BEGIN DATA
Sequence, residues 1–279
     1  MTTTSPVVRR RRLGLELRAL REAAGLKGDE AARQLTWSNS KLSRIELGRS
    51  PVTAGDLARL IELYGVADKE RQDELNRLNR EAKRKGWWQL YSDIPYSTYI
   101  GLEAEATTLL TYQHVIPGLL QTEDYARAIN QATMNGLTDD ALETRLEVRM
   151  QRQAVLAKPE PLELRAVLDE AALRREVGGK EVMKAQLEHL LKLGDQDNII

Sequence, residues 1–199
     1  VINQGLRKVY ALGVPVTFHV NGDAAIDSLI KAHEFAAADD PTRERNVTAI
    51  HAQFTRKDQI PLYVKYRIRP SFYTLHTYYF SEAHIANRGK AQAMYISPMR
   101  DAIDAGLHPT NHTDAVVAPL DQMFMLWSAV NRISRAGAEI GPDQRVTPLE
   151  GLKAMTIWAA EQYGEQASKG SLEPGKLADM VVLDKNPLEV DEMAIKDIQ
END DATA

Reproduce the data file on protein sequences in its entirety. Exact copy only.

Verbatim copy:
Sequence, residues 1–279
     1  MTTTSPVVRR RRLGLELRAL REAAGLKGDE AARQLTWSNS KLSRIELGRS
    51  PVTAGDLARL IELYGVADKE RQDELNRLNR EAKRKGWWQL YSDIPYSTYI
   101  GLEAEATTLL TYQHVIPGLL QTEDYARAIN QATMNGLTDD ALETRLEVRM
   151  QRQAVLAKPE PLELRAVLDE AALRREVGGK EVMKAQLEHL LKLGDQDNII

Sequence, residues 1–199
     1  VINQGLRKVY ALGVPVTFHV NGDAAIDSLI KAHEFAAADD PTRERNVTAI
    51  HAQFTRKDQI PLYVKYRIRP SFYTLHTYYF SEAHIANRGK AQAMYISPMR
   101  DAIDAGLHPT NHTDAVVAPL DQMFMLWSAV NRISRAGAEI GPDQRVTPLE
   151  GLKAMTIWAA EQYGEQASKG SLEPGKLADM VVLDKNPLEV DEMAIKDIQ